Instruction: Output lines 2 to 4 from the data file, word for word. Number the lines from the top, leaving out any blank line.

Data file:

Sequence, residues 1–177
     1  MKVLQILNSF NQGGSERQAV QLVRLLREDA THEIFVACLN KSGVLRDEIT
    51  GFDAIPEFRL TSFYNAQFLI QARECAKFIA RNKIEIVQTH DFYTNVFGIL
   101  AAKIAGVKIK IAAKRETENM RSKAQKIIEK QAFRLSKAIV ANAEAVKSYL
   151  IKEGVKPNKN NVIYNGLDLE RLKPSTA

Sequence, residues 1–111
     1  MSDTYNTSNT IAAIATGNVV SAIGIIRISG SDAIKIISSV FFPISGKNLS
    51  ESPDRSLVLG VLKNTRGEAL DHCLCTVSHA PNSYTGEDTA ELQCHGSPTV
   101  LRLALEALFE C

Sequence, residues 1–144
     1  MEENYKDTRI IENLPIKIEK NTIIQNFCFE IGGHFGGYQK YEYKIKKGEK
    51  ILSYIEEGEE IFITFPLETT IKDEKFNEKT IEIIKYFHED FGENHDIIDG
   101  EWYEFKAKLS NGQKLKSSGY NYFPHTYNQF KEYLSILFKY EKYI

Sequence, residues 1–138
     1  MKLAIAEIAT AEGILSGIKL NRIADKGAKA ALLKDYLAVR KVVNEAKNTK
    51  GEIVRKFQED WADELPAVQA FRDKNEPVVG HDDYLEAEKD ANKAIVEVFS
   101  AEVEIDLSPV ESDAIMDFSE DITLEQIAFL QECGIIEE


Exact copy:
     1  MKVLQILNSF NQGGSERQAV QLVRLLREDA THEIFVACLN KSGVLRDEIT
    51  GFDAIPEFRL TSFYNAQFLI QARECAKFIA RNKIEIVQTH DFYTNVFGIL
   101  AAKIAGVKIK IAAKRETENM RSKAQKIIEK QAFRLSKAIV ANAEAVKSYL